Many were 'borrowed' or drawn from early pre-Christian traditions. The crown was among the Romans and Greeks a symbol of victory and reward. The crown or wreath worn by the victors in the Olympic games was made of leaves of the wild olive; in the Pythian games, of laurel; in the Nemean games, of parsley; and in the Isthmian games, of the pine. The Romans bestowed the "civic crown" on him who saved the life of a citizen. It was made of the leaves of the oak.
The Definition and Meaning of the Crown as a Catholic Christian Symbol
Catholic Christian symbolism in art provides a clear graphic illustration which represents people or items of religious significance. What is the definition and the meaning of the Crown? A crown is a royal headdress or cap of sovereignty, worn by emperors, kings and princes. A Latin cross with a crown of a king resting on top of it symbolizes eternal life. The Crown Christian Symbol represents royal authority, and is often used for Christ, the King of Kings. The image of the crown of thorns is often used symbolically to contrast with earthly monarchical crowns.
Crown of Thorns
The Crown of Thorns is a symbol of the Passion of Jesus, a chaplet of thorn branches worn by Jesus before his crucifixion. Jonah 2:5 "...weeds were wrapped about my head" takes on a symbolic reference to the Crown of Thorns.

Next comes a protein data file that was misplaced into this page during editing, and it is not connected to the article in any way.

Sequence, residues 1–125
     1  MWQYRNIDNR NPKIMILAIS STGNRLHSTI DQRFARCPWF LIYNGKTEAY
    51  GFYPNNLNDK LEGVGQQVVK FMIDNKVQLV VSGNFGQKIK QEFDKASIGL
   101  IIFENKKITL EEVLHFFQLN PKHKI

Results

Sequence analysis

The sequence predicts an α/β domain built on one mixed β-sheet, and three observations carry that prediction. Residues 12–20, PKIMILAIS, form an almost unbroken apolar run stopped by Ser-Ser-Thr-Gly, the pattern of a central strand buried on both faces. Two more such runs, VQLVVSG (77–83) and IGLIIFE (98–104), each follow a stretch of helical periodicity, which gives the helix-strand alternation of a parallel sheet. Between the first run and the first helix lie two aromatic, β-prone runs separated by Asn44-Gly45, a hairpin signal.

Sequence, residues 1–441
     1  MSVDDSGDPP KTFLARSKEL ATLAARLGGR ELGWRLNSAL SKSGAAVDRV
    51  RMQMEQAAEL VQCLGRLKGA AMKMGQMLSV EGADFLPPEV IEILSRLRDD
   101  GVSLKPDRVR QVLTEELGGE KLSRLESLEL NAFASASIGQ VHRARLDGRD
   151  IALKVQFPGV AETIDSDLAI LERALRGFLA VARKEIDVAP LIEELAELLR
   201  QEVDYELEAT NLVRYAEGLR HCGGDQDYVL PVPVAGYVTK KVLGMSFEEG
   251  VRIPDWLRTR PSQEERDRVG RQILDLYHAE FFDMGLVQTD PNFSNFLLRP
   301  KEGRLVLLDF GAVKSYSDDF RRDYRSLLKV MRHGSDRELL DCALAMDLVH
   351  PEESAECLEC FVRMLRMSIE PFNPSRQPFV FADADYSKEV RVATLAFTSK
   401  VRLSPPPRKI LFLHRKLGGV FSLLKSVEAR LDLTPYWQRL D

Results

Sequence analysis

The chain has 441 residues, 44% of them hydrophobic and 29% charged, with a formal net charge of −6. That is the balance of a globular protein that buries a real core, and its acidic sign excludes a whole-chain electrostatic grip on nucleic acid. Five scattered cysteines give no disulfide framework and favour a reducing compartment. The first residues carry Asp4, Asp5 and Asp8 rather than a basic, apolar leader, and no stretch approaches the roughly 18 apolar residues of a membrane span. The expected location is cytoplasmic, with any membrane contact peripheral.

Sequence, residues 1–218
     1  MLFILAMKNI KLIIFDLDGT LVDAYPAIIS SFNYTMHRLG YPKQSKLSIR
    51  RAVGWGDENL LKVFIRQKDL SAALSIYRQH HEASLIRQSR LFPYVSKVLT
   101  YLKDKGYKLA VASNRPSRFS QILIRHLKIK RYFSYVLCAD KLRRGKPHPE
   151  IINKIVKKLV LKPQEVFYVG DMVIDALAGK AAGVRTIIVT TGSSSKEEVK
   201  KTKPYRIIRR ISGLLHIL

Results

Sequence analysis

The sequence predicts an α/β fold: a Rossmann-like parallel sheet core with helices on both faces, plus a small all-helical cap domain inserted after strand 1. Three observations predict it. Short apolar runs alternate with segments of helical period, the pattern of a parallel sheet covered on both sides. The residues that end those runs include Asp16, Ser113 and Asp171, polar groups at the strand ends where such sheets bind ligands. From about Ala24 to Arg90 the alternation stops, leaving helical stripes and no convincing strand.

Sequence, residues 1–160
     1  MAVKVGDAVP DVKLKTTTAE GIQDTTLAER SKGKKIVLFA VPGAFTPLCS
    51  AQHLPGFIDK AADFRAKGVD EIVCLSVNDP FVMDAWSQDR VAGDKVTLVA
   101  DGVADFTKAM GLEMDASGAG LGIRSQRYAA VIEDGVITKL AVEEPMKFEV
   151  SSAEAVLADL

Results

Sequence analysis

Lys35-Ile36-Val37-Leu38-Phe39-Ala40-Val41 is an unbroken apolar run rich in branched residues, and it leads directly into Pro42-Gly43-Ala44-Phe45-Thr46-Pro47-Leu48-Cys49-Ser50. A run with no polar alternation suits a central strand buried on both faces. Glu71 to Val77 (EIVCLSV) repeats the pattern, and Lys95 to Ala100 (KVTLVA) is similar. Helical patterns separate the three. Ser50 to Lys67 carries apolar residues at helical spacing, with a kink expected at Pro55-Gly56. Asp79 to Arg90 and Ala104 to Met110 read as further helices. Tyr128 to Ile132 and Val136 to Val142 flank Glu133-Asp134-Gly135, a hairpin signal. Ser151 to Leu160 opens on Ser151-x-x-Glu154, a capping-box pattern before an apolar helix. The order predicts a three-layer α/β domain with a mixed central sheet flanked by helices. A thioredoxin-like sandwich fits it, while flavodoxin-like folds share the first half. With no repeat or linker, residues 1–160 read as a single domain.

Matt. 27:27 Then the governor's soldiers took Jesus into the Praetorium and gathered the whole company of soldiers around him. 28 They stripped him and put a scarlet robe on him, 29 and then twisted together a crown of thorns and set it on his head. They put a staff in his right hand and knelt in front of him and mocked him. "Hail, king of the Jews!" they said.
Reference to the Crown Christian Symbol in the Bible
The following references to a crown are made in the Bible:
Tim. 6:14 ...until the appearing of our Lord Jesus Christ:
Tim. 6:15 Which in his times he shall show, [who is] the blessed and only Potentate, the King of kings, and Lord of lords;
Rev. 2:10 Do not be afraid of what you are about to suffer. I tell you, the devil will put some of you in prison to test you, and you will suffer persecution for ten days. Be faithful, even to the point of death, and I will give you the crown of life.
The ancient Persian crown (Esther 1:11; 2:17; 6:8) was called _kether_; i.e., "a chaplet," a high cap or tiara. Crowns were worn sometimes to represent honour and power (Ezek. 23:42). They were worn at marriages (Cant. 3:11; Isa. 61:10, "ornaments;" R.V., "a garland"), and at feasts and public festivals.
The apostles speak of the incorruptible crown, the crown of life (James 1:12; Rev. 2:10) "that fadeth not away" 1 Pet. 5:4